Drinking for a Cause

As Various New York City Restaurants and Watering Holes Have Shuttered, One Harlem LGBTQ Bar, Born at the Height of the Pandemic, is Fighting to Remain Open, Serving and Lifting Spirits

There’s a sight to behold at the corner of Harlem, New York’s Adam Clayton Powell and 133rd Street. Not simply the interior space of the area’s new LGBTQ bar but a great showing of support in the good old capacity of the human spirit.

With New York City relaxing its guidelines to allow bars and restaurants to offer socially-distanced curbside dining and drinking, Lambda Lounge, the brainchild of married couple Charles Hughes and Richard Solomon, was busy one Sunday evening, offering small bites and specialty cocktails. Like other venues in New York City, they’ve had to create a space on the curb, arranged with their signature black high top tables and gold-framed chairs six feet apart.

At the time of my visit, there were several parties of a total 15 gay men mostly in their 20s and 30s, waiting for one of 12 outdoor tables one chill evening. Not one was available. This level of patronage in normal times would be enviable for any new business, but these are not normal times. Folks have been turning up in support, given the financial challenges being faced by its proprietors. More than a new bar, many see the place, only one of two Black-owned LGBTQ bars in the Harlem community, as a refuge and one worth saving.

Opened in the midst of the global pandemic, the lounge has a moody interior, with hardy and tasteful leather seating. With a capacity of 75, it has a 15-seater bar, backlit with red and blue lighting, and three VIP sections, each equipped with a television, a PlayStation and a call button to get on-demand service. Hughes and Solomon created a space they describe as “grown and sexy,” because they saw a vacuum, “Within the urban community,” said Hughes, “we saw that the majority of the places we are able to frequent are only on particular nights between particular hours. So, the Lambda Lounge is going to be open from Tuesdays to Sundays from 5pm – 4am so that our guests can frequent it at all times.”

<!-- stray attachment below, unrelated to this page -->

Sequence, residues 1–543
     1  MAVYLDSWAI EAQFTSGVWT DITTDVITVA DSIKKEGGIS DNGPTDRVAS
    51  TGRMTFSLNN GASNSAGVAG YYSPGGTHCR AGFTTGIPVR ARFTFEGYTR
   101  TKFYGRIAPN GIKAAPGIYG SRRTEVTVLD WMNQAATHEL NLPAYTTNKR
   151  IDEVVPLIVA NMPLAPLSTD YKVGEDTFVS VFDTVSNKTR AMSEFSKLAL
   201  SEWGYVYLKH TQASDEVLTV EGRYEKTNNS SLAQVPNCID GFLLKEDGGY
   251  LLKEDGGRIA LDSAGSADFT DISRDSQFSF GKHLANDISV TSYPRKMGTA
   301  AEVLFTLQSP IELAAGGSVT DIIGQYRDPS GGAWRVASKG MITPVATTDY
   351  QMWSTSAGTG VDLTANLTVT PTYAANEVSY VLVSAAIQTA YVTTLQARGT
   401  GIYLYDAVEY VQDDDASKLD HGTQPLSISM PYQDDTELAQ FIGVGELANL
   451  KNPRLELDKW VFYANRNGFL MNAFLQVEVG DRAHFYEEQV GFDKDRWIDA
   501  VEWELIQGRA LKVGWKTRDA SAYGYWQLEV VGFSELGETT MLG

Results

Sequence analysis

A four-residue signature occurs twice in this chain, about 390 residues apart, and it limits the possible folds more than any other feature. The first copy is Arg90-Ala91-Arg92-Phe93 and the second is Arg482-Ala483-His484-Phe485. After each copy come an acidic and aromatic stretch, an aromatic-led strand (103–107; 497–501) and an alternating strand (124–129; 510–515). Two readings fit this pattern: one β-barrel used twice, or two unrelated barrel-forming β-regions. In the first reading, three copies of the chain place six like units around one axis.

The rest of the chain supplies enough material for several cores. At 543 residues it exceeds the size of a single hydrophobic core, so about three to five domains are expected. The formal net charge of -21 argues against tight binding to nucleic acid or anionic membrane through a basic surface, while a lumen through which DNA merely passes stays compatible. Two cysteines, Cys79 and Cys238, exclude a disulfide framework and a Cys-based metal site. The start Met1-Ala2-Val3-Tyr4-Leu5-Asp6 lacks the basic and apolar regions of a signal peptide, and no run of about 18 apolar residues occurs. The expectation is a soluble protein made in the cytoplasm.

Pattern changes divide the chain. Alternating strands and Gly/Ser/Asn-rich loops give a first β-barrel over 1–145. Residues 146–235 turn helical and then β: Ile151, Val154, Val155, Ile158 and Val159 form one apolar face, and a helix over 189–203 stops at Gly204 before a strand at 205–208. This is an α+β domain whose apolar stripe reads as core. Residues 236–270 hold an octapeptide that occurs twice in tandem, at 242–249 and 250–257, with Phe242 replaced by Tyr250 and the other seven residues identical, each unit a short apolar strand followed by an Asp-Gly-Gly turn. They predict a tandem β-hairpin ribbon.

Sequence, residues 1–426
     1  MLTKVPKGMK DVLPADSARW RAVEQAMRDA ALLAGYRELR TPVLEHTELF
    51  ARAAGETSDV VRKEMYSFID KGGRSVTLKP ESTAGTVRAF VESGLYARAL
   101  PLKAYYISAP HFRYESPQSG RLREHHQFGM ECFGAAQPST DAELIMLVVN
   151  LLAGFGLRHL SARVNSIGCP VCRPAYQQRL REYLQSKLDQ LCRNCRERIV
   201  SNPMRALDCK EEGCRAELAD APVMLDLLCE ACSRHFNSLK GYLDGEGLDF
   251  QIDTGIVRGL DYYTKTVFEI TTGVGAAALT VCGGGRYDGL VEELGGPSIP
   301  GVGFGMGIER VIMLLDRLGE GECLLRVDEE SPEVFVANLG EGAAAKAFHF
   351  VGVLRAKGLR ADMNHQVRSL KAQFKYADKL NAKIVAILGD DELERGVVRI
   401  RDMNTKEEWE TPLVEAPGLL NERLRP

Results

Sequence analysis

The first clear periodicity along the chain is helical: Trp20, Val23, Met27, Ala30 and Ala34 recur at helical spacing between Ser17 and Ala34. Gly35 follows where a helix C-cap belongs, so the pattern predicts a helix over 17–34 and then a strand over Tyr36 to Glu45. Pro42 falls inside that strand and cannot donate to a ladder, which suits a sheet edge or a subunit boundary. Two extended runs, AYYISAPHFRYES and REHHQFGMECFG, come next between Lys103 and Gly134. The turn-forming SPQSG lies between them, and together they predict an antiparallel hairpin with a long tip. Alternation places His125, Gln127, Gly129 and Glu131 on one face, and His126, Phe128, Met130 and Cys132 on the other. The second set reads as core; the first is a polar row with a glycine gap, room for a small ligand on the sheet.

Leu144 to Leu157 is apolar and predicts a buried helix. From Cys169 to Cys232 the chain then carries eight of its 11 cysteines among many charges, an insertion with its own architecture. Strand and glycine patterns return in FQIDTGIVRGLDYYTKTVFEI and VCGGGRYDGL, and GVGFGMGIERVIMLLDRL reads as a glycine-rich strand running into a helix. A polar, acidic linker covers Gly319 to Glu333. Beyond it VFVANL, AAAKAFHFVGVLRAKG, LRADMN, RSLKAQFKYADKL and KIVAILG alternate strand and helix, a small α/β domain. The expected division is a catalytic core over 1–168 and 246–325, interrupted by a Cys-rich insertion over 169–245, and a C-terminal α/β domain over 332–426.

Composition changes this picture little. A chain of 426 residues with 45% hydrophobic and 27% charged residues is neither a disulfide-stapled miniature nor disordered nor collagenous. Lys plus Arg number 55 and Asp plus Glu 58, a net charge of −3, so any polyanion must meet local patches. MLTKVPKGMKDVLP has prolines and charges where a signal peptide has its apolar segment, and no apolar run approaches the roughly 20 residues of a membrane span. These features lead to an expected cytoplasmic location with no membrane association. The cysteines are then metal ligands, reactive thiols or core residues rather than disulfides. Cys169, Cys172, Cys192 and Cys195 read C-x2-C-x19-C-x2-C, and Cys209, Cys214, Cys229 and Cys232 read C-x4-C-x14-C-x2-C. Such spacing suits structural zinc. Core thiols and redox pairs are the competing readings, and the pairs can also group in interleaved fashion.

As well, they opened the bar as a venue to sell their own brand of vodka, Lambda Vodka, after four years of an inability to penetrate the liquor stores and LGBTQ bars and lubs in the city, “We thought why not open up our own location and sell our product to our guests. We kind of kill two birds with one stone because we don’t have a lot of urban LGBTQ+ locations in New York City.”

Yet, despite their good intentions, they could not have anticipated what would befall them, as New York City locked down due to the ongoing pandemic. “Our grand opening was supposed to be in April,” said Hughes, “and of course the pandemic started to take effect in March. We were concerned about what was going to happen, because we put a reserve away for a certain amount of months.”

Instead, they waited out until July when the city allowed for outside dining. They, like 70 percent of small businesses and other LGBTQ New York City bars were concerned about the prolonged closure. Even New York City’s historic Stonewall Inn and the nearby Alibi Lounge were in threat. But unlike some other 16,000 bars and restaurants that were forced to permanently close across the U.S., Lambda Lounge had not yet made a name for itself or built a loyal clientele.